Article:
Tag Archives: 2 Peter 1

Of Corruption and Cravings

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Thus he has given us, through these things, his precious and very great promises, so that through them you may escape from the corruption that is in the world because of lust, and may become participants of the divine nature.
2 Peter 1:4 (NRSVCE)

I ran across a quote yesterday by the Roman stoic, Seneca. He said, “all cruelty springs from weakness.” What fascinates me about this quote is the fact that Seneca was an advisor and tutor to the Roman Emperor, Nero, who was perhaps the most cruel of all Roman Emperors. It was Nero who burned followers of Jesus alive around his garden to provide light for his parties.

Certainly, Seneca had plenty of opportunity to witness cruelties we can scarce imagine in today’s world. It would appear that he failed in his tutoring of Nero. Nero eventually demanded that Seneca commit suicide, a cruel request to which Seneca stoically complied.

I decided to take a quick break from the chapter-a-day journey through Psalms and to finish this week with Peter’s second letter to followers of Jesus. The date of this letter is the subject of much scholarly debate, but in today’s chapter Peter claims to know that his death is soon in coming, and it is generally believed that Peter (and Paul, btw) was executed during Nero’s cruel persecution of Jesus’ followers whom he used as a scapegoat for a massive fire that burned much of Rome in 64 AD. Ironically, Nero’s subsequent scapegoating and persecution of Christians in coincides with Seneca’s ordered suicide in 65 AD. The playwright in me finds an intriguing storyline there.

“All cruelty springs from weakness.”

The quote came to mind once again this morning as I read Peter’s words “the corruption in this world because of lust.” My brain immediately paraphrased it as a parallel to Seneca’s observation:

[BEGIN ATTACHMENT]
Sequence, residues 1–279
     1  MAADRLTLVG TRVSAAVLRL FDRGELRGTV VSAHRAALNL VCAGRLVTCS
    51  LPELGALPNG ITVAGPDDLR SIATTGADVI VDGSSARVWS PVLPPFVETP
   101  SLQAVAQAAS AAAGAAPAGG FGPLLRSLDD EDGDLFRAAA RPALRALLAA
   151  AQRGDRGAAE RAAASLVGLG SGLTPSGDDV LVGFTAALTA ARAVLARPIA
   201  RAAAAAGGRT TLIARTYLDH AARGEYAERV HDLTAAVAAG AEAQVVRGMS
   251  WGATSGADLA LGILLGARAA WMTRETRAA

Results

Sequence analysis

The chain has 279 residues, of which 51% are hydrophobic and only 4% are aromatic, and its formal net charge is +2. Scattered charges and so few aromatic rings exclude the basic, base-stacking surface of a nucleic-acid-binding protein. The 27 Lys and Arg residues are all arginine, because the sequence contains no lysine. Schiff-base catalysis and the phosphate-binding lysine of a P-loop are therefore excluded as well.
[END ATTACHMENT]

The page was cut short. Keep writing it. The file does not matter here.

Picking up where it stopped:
“All corruption springs from lust.”

Corruption is everywhere. It’s particularly visible at this time as it is during all elections. Politicians and power brokers (on both sides of the aisle and in every arena) obfuscate, deceive, stretch truth, speak in white lies, and hypocritically change positions with the prevailing winds of circumstance and poll numbers. All of those dark ads with ominous tones and carefully chosen photos intended to make their opponents look like criminals as the ad itself bends the truth out of context to make it look as damning as possible. All of the bright ads making themselves look like saviors, and shining examples of goodness and light. It’s corrupt and it springs from lust for power, position, and money.

Along my life journey, my perspective about sin has changed. When I was a child I thought it was simply about rules and obedience. Between parents, school, church, and community I was taught a list of rules to follow and a fairly strict guideline for right and wrong, good and bad. As I got older, I found that I broke some rules religiously no matter how hard I tried not to. I also found that if I keep certain (easy) rules in public where others could see them, then it blinded others to the “ugly” rule breaking I did in private and outside of the public eye. That’s corruption, too. It’s a personal form of the same hypocrisy and corruption found in politics on a much grander scale.

This is what led Paul to write to Jesus’ followers in Rome: “Everyone sins and falls short of God’s glory.” Or, as Bob Dylan sang it in his modern psalm quoting Paul quoting the Sage of Ecclesiastes:

“Ain’t no man righteous. No, not one.”

I began to realize that the problem wasn’t the rules, the problem was my appetites. Some appetites were easy for me to control, but other appetites were seemingly insatiable. An appetite out of control is a craving, a lust. Appetites are natural, but an unchecked lustful craving of that appetite which leads to indulgence will always end in corruption of some form.

It’s easy for me to point to the unbridled lust for worldly power, wealth and prestige found in Nero and present day politicians. But, that only diverts your attention to easy targets and away from me. It is my out-of-control appetites which wreak havoc on my life. My appetite for rest turns into slothful passivity. My appetite for food turns into gluttony. My appetite for sex turns into pornographic proclivity. My appetite for security turns into greed and an insatiable desire for more of everything. My appetite for safety turns into a never ending quest to avoid all pain and suffering.

In the quiet this morning, as I ponder these things, I return to Peter’s letter. My rule-keeping self saw faith and salvation as the end result of obedience. By being obedient to the rules, I thought, I would arrive a place of being good enough to be acceptable to God. But that’s just the opposite of what Jesus, and Peter after Him, taught: